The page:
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Black fruited (with stones), alternate pinnate tree - anyone recognise this? (photo attached)

Cambridgeshire, United Kingdom Gb

I have a tree in my garden which has burst forth with fruit and I would like to try and identify it to see whether I can use the fruit for jam :)

It is a pinnate, alternate leaves, smooth leaves with mostly straight edges. Leaves are roughly 4-6" long and 2-3" wide, being wider towards the end of the leaf. The leaves have a sharply shaped tip but no protrudance from the tip. The terminal leaves are large, as the with the rest of the leaves at any given point. The leaves are waxy with a single central vein from which smaller veins radiate, pointing towards the leaf tip end.

The fruit on the tree is small, the size of small cherries and has a black fleshy skin with a stone in the middle. I've not tasted one yet for obvious reasons!

I'd really appreciate help with this if anyone knows the answer :)




Prunus padus? the 'bird cherry'. Take a look at this website
If so the fruits will be bitter to the taste but make good jam

20 Sep, 2009


I ate one once - enough - ugh.

20 Sep, 2009


Looks more like the evergreen Prunus laurocerasus. The fruits are incredibly bitter. Best just left to the birds that love them.

Incidentally, what appear to be pinnate leaves are not, they are the whole stem with simple obovate leaves running down each side. :-)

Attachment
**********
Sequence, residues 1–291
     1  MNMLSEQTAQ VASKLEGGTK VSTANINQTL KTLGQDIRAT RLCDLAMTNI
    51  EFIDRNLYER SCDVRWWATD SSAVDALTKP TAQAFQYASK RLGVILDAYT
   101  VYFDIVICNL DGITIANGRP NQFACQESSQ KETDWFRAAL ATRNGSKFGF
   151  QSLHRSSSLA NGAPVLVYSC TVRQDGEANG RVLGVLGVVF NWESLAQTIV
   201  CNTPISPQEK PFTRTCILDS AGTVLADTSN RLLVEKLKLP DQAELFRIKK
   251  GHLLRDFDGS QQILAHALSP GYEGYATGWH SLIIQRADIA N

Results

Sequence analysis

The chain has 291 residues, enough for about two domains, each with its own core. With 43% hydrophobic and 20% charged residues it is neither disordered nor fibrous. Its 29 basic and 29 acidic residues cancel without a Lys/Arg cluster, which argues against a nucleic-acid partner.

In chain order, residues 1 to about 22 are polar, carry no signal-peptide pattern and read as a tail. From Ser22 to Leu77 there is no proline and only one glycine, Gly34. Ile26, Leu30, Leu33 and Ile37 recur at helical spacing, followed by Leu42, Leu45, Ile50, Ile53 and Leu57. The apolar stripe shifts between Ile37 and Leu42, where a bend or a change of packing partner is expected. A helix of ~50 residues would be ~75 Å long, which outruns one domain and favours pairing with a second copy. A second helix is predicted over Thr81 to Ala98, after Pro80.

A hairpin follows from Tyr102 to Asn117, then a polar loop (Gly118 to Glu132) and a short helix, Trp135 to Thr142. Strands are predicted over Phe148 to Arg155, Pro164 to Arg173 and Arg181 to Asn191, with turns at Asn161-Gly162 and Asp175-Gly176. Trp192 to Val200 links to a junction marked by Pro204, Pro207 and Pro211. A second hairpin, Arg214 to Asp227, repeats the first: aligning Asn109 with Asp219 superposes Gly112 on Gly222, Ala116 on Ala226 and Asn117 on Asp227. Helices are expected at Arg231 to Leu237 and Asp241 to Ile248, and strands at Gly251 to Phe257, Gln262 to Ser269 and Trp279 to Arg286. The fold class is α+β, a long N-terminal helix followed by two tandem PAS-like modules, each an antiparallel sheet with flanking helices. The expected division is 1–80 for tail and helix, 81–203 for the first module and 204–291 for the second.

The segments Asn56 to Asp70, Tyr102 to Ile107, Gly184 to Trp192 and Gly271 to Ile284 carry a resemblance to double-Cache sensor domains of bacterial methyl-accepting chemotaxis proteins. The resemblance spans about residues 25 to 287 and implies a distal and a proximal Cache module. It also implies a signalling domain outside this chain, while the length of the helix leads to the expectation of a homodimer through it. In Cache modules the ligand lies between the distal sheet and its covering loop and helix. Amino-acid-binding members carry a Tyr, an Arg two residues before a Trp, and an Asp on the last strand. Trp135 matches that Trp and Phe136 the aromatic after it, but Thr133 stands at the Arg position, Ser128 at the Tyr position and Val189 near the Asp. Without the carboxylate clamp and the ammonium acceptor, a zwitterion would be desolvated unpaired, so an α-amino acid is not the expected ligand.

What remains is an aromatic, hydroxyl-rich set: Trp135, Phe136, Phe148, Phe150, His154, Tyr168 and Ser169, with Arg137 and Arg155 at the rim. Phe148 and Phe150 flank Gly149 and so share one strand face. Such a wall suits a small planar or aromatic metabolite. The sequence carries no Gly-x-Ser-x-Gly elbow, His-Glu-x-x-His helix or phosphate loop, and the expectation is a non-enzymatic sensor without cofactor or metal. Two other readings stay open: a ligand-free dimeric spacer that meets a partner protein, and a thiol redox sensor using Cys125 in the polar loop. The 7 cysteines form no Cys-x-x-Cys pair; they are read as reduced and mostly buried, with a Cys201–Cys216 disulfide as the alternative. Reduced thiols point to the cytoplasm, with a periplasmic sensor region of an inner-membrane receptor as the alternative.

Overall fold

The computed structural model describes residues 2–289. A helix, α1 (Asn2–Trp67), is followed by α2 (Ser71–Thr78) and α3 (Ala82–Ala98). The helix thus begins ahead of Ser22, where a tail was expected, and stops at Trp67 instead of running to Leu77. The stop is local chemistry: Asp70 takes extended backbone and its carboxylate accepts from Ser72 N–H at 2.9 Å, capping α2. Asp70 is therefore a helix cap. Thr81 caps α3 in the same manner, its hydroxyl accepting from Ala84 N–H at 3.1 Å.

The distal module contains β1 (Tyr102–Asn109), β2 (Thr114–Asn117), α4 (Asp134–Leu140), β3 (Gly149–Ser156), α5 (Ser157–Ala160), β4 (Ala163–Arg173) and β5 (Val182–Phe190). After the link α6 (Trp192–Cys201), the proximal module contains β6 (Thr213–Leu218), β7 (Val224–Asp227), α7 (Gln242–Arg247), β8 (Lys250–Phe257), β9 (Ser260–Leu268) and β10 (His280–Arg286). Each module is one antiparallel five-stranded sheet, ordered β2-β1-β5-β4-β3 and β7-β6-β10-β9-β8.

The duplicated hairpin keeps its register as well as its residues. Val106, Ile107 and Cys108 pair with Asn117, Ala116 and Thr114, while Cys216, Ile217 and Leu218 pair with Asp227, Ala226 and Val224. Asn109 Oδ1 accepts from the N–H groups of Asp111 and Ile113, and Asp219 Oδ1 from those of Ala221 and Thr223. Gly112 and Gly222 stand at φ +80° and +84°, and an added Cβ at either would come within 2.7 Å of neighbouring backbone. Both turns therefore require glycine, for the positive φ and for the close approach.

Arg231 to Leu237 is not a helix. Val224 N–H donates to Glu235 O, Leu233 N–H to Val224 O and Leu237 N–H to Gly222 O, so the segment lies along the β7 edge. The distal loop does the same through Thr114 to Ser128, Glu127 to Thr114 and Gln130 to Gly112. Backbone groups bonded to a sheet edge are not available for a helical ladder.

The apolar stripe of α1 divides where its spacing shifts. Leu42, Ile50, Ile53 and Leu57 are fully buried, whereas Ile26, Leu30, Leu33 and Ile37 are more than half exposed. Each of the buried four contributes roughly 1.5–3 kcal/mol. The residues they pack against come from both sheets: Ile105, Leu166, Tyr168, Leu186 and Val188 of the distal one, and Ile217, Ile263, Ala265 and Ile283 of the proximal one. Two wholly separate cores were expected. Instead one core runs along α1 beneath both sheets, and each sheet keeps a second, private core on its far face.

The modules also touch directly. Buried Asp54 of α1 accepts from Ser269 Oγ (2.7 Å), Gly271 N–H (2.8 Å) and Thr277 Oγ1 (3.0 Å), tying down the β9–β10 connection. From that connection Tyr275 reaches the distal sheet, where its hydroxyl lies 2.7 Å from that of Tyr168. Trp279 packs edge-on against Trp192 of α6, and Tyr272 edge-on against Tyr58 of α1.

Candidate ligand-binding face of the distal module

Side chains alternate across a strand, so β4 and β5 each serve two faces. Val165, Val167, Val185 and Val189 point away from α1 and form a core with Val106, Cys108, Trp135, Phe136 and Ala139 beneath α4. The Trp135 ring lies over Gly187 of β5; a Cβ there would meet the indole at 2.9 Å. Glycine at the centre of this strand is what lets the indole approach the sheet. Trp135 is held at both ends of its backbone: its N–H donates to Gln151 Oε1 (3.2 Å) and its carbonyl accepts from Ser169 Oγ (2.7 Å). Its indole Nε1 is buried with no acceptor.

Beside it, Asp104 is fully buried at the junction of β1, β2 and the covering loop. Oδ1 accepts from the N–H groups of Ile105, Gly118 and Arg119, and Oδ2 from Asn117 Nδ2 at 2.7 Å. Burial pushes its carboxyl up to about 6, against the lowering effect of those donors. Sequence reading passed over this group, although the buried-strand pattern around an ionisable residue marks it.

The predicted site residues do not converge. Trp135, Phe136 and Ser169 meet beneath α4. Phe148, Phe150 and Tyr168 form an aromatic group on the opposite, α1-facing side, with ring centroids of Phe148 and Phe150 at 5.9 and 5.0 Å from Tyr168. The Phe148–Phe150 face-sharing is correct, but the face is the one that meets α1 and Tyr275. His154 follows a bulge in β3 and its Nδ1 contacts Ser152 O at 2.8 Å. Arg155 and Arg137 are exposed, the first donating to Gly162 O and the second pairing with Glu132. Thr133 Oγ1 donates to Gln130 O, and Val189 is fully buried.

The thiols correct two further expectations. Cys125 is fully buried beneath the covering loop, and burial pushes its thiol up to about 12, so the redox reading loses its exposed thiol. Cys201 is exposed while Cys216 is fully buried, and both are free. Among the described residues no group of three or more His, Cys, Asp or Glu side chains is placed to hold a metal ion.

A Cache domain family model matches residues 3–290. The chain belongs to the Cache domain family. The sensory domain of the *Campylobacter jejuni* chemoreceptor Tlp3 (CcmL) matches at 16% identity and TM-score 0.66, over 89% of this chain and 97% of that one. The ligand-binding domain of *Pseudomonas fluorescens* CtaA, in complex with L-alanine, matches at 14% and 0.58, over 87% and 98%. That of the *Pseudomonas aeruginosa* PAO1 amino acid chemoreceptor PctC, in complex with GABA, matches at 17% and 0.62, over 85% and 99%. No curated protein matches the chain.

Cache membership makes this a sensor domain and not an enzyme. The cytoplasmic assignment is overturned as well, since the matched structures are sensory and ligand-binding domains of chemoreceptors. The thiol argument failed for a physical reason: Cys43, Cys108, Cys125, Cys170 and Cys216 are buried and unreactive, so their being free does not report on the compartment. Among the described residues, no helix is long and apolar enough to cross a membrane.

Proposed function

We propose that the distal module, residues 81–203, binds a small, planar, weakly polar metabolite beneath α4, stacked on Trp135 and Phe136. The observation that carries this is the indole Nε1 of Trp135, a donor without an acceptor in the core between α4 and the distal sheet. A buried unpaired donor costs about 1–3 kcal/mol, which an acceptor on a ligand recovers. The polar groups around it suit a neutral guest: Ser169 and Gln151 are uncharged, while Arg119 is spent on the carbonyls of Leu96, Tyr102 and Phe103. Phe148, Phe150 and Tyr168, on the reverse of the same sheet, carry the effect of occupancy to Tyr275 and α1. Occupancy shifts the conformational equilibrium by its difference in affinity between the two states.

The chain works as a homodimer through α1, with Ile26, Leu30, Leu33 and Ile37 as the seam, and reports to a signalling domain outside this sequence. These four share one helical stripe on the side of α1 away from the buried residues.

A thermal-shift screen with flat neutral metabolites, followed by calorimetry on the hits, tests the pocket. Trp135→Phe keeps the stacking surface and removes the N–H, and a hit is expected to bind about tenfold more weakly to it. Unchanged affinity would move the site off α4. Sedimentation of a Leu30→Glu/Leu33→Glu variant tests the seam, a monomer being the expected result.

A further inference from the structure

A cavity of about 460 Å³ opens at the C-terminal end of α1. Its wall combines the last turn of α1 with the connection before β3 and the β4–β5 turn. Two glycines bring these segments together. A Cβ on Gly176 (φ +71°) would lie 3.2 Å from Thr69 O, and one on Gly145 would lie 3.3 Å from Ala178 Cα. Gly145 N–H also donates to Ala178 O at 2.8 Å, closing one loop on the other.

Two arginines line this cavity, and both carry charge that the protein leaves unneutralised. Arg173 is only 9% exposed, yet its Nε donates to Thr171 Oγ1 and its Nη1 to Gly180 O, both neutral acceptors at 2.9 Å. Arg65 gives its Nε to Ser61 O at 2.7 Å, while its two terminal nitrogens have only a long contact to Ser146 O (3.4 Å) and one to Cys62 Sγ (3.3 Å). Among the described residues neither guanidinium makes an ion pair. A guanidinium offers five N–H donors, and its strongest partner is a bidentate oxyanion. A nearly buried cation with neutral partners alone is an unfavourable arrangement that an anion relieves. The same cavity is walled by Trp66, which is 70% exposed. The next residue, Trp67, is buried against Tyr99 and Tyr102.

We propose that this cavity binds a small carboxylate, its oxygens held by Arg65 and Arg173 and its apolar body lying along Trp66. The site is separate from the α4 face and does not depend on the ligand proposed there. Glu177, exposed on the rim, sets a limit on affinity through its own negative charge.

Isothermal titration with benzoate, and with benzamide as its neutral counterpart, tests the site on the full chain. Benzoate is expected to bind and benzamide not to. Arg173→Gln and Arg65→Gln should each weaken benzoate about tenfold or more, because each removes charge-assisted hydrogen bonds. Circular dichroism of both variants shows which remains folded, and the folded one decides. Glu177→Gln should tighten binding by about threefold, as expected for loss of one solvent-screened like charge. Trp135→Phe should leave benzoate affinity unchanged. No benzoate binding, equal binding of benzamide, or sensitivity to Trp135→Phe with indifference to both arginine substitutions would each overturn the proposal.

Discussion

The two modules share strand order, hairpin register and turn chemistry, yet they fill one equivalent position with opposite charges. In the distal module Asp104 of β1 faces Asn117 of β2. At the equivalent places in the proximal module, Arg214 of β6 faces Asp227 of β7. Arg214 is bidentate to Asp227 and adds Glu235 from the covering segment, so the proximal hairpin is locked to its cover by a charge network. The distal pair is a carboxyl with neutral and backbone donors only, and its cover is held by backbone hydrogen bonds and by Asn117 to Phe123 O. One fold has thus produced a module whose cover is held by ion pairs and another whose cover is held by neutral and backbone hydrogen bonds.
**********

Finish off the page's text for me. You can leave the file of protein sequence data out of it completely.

At least you are using the correct words to describe something which 99.9% of the customers I deal with have never come across.

20 Sep, 2009


Looks suspiciously like laurel to me - in which case, don't eat it.

20 Sep, 2009


Your suspicions are correct, Prunus laurocerasus.

20 Sep, 2009


Hi Fractal can you talk me through how to i.d. the two to recognise the difference. I could have asked this as a PM but thought others might be interested too.

20 Sep, 2009


Hi Moon grower.

There are a few pointers but first I must say that I see both these species almost every day working where I do.

P. laurocerasus generally has a glossier leaf and (as you will know) thicker in the flesh as it were. P. padus is much more matt and almost always has an obvious drip point at the tip.

The leaves of both differ on close inspection too with the veins of P. lauro. being either flush or slightly raised above the leaf surface whereas P. padus has the veins recessed, almost as if the leaf has been quilted with stitches made of veins.

See my photos, I have added the two leaves there for comparison.

The poster also mentioned that the leaves were waxy which rules out padus too.

20 Sep, 2009


Thanks Fractil... I really love learning something new on the growing front!

20 Sep, 2009

How do I say thanks?

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